A rigging artist adds a skeleton-like structure of connected bones to the inner workings of a 2D or 3D model using model rigging software. For a character, there may be arm and finger bones, a spine, and so on, but non-character models such as vehicles, trees, and other objects can be rigged too.
Animators can use keyframing to move the rigged bones’ position, rotation, etc., thus animating the rigged model. The connected bones of a rigging are in a hierarchal relationship to each other, which helps simplify the work of animation. For example, the rotation of a shoulder joint will affect the movement of the upper arm, elbow, forearm, etc.
When working with 2D rigging animation software, the rigged bone structure and movements will be simpler for a 2D character, but the concept is essentially the same as when rigging more complicated and flexible 3D characters in 3D rigging software.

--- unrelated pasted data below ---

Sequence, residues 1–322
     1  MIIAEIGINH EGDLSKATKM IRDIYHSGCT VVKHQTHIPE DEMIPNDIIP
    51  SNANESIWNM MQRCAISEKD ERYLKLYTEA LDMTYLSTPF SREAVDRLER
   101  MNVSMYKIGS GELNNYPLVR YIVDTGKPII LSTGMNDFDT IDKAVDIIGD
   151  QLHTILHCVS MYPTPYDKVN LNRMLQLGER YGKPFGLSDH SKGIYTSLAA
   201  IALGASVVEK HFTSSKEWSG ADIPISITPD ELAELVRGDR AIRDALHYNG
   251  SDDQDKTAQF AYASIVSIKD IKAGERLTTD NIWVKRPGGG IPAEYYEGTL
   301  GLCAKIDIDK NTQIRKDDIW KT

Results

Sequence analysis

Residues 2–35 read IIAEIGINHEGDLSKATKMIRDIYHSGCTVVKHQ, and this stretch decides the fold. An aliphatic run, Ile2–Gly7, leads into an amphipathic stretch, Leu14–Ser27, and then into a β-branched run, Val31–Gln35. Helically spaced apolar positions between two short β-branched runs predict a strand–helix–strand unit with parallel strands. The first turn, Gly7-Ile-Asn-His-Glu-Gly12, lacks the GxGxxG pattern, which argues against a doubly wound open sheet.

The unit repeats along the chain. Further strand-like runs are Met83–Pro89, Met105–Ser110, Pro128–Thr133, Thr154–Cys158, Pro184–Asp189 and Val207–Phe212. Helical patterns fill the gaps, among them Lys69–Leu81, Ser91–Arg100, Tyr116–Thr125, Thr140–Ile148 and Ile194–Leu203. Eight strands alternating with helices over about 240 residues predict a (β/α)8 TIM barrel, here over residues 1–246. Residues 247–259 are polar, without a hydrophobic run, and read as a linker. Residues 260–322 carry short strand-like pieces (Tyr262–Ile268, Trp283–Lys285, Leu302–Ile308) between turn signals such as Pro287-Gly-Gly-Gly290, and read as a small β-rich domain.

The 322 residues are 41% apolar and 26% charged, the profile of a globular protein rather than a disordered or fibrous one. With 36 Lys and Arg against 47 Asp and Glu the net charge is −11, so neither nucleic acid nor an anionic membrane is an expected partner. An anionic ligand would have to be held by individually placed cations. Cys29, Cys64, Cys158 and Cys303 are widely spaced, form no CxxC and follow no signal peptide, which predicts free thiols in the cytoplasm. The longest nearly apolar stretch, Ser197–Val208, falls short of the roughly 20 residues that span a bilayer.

Rigging is one of the first steps in skeletal animation. There are other types of animation, but 3D skeletal animation has become ubiquitous in every medium using animation, such as movies, TV, video games, and advertising.
Rigging artists may create hundreds of control points for a complex model based on how they want the character to move. However, taking additional steps in character rigging software will ensure more realistic animations. The technique of weight painting interprets how vertices within the larger 3D mesh of a character model will respond to the movements of discrete bones in a rig. Model rigging software can apply weight painting automatically, but riggers should fine-tune the automated weight scale for best results.
Character rigs also often need inverse kinematics, which is a tool in rigging software that keeps jointed bone clusters like arms and legs pointed correctly when a character, for example, walks or throws something. Finally, realistic movement requires that the artist applies some constraints or restrictions to some of a character rig’s bones, so that, for instance, a certain bone can only move in one direction.
With all the work required just to set up a character model for animation, it’s nice to know that rigging software can save and copy entire riggings to be reused or modified for similar characters, the same way that animations can be reused or modified to save time.